About three-and-a-half months after I got the Beast, I went out to campus for an evening class. It was late January, and the weather forecast was sketchy with a front rolling in after midnight that promised a decent quantity of some form of precipitation. However, around nine-o’clock, I noted a growing murmur of voices in the hallways outside class, and shortly after we were told we could go home early—the storm had arrived and conditions were rapidly deteriorating.
When I stepped outside, I could see the campus was wet. When I started walking to where the Beast was parked, I realized that everything was already covered with 1/8” of ice. Oh shit.
The Beast was glazed from stem to stern; little tiny icicles formed a beard on the fairing and hardcases. I stood there in the freezing drizzle for some time, pondering my options. For many reasons that I will not go into here, I realized my only choice was to ride Beast home.
I wrestled into my foul weather gear and fired it up, then sat astride it for a good ten minutes while it warmed up fully (yeah—warming up really takes only about 30 seconds from stone cold), watching the ice melt off the engine, pipes, headlight lens and instruments. I got off and walked over to the roadway to compare it to the parking lot, and concluded it was almost as bad despite the steady stream of departing cars.
By the time I finally summoned up the nerve to put the poor bike into gear, I was the sole remaining outbound vehicle on campus. “What a dipshit,” I thought to myself. But I was counting on my anti-lock brakes to pull my sorry (whatever) out of the fire this time—an almost unprecedented technological leap of faith, given that I’d had no instance to test their performance prior to putting my life in their pads.
I put Beast into gear, and gingerly (...no, I mean REALLY GINGERLY) let out the clutch. Now, the nice thing about riding motorcycles is that they really know what they are doing, even if you don’t. They are remarkably self-stabilizing, self-organizing vehicles once they get past the awkward transition from still to moving. If you just leave them alone, get the hell out of their way, they know what they’re doing and a little trust will work wonders for you.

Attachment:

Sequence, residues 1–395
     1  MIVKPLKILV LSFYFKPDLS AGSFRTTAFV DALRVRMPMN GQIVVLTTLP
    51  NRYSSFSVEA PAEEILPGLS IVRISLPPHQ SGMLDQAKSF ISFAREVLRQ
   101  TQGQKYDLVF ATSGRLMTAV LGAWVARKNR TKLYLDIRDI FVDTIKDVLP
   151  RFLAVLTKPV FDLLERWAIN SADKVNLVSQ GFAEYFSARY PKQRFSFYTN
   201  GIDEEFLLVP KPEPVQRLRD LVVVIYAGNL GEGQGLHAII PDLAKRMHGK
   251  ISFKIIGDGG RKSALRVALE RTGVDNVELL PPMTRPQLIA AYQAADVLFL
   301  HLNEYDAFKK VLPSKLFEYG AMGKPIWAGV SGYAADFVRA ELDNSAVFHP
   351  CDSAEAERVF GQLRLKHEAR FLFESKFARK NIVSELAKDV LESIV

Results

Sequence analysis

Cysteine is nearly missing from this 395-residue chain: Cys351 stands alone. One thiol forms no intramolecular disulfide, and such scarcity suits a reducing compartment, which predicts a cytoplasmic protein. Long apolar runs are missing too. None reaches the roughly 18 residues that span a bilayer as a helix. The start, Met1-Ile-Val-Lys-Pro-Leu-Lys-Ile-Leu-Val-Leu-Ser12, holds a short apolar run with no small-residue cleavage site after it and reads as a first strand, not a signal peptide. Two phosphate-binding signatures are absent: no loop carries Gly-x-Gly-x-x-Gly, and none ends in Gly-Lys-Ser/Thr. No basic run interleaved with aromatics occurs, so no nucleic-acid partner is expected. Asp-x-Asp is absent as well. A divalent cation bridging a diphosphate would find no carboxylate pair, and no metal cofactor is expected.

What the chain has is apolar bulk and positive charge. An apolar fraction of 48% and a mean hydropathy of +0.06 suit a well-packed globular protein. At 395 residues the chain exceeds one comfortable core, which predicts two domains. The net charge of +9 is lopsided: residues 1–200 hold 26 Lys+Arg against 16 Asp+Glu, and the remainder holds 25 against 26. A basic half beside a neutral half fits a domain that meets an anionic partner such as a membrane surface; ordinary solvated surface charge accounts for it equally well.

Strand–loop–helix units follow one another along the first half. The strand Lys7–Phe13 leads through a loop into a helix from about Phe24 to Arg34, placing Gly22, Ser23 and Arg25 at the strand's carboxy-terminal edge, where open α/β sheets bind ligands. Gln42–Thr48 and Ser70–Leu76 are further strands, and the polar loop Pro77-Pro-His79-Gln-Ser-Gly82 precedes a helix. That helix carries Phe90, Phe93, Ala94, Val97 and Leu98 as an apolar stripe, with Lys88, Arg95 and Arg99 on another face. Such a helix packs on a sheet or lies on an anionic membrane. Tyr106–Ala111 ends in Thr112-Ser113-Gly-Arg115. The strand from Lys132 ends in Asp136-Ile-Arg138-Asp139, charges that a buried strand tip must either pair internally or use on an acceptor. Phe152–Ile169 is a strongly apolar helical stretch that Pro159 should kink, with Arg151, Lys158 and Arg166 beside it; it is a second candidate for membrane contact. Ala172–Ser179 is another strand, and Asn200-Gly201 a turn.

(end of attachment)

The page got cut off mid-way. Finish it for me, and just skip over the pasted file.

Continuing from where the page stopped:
So I let Beast do the heavy lifting.
I relaxed a much as I could, consciously focusing on muscles to avoid tensing up. I took a different route home than I normally would, eschewing the superslab (c’mon, I’m not THAT stupid) and sticking to the slow lanes. I even rode with my four-ways on when I was feeling particularly target-like.
When you are riding a motorcycle on ice, you do without certain niceties, like banking into turns, wheelies, stoppies, hanging off and dragging knees et cetera. But you’d be surprised (…I sure as hell was) that it’s not too bad. No points for style or anything.
Every time I needed to slow down, I’d gently apply the brakes and listen for the distinctive ABS chatter—it kicked in less than half the time I braked. I imagine those were critical times, no doubt, but I’d like to think that my keen riding skill helped as well. It only took me about fifteen minutes longer to get home than usual, and when I dismounted I was tired but amazingly relaxed—the kind of relaxed you might feel after a good workout.
Thanks, Beast. Well done. And a shout out and a high-five to all those Teutonic whiz kids in the lab in Bavaria! Now I can check that off my lifetime to-do list and catch the damn shuttle bus home the next time it happens.